Lifestyle,  Sustainable Travel

How To Be a Green Traveler

As an ex-flight attendant, I did my share of traveling, and I truly encourage people to travel as far as they can while they are young. 

I truly believe the being exposed to different cultures and realities challenges the way you see yourself and your own culture, which ultimately makes you a more open-minded, aware and sensitive person. I know that traveling has a huge carbon footprint and lots of personalities are urging to cut on traveling but I say we can cut somewhere else. The fashion industry, for example, is responsible for 10% of annual global carbon emissions, more than all international flights and maritime shipping combined. 

We can not be so hard on ourselves, waste is always inevitable, even if we sit at home. It’s how we choose to handle it that really counts. And life is to be lived.

 I believe in responsible travel and sustainable tourism. I believe in being socially and culturally aware when you travel so you do not harm the communities you’re traveling to and to take ownership of the economic and environmental impact of your presence.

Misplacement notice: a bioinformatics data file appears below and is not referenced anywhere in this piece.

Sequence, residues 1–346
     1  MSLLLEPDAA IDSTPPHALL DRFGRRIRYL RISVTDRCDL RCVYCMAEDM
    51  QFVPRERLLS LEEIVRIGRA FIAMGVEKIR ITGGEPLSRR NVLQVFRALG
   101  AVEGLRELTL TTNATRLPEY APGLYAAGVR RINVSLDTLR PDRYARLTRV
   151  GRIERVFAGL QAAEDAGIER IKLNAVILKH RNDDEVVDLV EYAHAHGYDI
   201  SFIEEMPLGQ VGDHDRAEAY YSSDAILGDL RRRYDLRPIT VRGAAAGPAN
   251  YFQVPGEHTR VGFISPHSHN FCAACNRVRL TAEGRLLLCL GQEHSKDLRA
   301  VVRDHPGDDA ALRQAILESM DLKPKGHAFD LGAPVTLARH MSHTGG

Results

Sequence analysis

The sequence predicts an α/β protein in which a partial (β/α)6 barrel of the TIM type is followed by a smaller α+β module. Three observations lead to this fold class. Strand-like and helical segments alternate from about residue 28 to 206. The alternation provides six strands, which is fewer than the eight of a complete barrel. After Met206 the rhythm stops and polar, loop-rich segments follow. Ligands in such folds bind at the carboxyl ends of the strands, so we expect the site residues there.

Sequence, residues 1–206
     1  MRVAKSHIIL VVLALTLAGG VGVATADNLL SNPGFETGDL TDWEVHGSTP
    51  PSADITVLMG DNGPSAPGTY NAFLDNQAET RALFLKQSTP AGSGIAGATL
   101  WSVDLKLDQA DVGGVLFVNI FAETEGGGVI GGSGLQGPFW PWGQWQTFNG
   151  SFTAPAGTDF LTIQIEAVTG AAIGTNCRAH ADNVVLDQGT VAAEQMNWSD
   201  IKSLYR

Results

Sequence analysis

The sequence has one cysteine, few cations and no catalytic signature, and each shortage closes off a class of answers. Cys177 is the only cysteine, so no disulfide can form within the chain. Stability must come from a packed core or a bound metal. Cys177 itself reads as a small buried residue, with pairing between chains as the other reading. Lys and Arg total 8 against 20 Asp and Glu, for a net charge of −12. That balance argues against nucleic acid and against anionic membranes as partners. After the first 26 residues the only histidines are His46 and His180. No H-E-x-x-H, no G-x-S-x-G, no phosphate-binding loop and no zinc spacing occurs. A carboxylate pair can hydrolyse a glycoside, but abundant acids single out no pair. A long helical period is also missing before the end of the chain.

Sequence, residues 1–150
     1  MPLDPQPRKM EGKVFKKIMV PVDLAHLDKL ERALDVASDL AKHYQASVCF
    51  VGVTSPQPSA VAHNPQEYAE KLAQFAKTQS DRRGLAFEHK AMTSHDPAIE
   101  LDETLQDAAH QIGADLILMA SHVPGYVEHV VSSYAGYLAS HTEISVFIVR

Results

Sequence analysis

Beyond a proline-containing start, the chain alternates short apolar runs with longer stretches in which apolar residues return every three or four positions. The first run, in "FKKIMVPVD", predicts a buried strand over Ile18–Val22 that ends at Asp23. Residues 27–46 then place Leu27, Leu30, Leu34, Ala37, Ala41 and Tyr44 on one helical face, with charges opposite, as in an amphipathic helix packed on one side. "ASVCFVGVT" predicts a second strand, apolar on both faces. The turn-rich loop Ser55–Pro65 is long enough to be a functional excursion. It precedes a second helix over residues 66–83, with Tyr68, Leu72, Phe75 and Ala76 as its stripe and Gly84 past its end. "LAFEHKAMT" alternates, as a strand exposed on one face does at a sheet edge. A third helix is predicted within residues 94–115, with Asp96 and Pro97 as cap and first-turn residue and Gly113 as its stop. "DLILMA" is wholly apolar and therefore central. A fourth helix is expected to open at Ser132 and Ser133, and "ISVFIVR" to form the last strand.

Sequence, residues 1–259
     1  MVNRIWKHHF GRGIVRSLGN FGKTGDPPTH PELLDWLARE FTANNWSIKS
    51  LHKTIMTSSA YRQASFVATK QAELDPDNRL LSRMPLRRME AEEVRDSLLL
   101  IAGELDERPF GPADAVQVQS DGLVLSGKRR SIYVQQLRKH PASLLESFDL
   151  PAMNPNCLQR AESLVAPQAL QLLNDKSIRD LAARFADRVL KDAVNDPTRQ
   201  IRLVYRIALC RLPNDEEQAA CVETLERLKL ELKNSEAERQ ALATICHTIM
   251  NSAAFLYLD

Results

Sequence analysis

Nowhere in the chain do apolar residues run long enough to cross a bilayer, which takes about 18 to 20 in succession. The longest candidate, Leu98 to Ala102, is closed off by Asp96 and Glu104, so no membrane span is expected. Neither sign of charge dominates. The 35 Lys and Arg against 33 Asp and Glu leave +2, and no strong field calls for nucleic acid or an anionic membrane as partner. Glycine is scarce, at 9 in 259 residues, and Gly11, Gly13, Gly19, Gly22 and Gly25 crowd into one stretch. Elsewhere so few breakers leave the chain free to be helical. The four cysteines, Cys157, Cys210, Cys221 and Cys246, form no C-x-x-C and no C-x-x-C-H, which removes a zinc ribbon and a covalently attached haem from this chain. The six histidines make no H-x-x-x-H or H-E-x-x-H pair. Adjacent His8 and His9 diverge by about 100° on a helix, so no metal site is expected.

I’ve always tried to reduce the waste I produce and to lower my impact on the environment whenever I was traveling, even though it was not always possible: not every place is the same and not every country offers the same conditions. Some countries do not have recycle bins everywhere, potable water or safe public transportation. Still, I always try to follow some simple sustainable practices that I share with you to help you reduce your waste on your next adventure.

The last few years, I have seen an increasing of sustainable, fair trade and ethical fashion brands popping up all around the world and their fanbase keeps growing bigger and stronger. Europe is no exception and there are stylish, vibrant brands reshaping the fashion industry and inspiring for real change. 

From recycled materials to vegan materials, I’ve made a list of seven of my favorite sustainable, slow fashion and ethical clothing brands, 100% made in Europe, to get you inspired. m

Economic Flights & Eco-Friendly Airlines 

For most of the adventures, it all starts there. There are a few ideas you can keep in mind when flying to keep your carbon footprint to the minimum.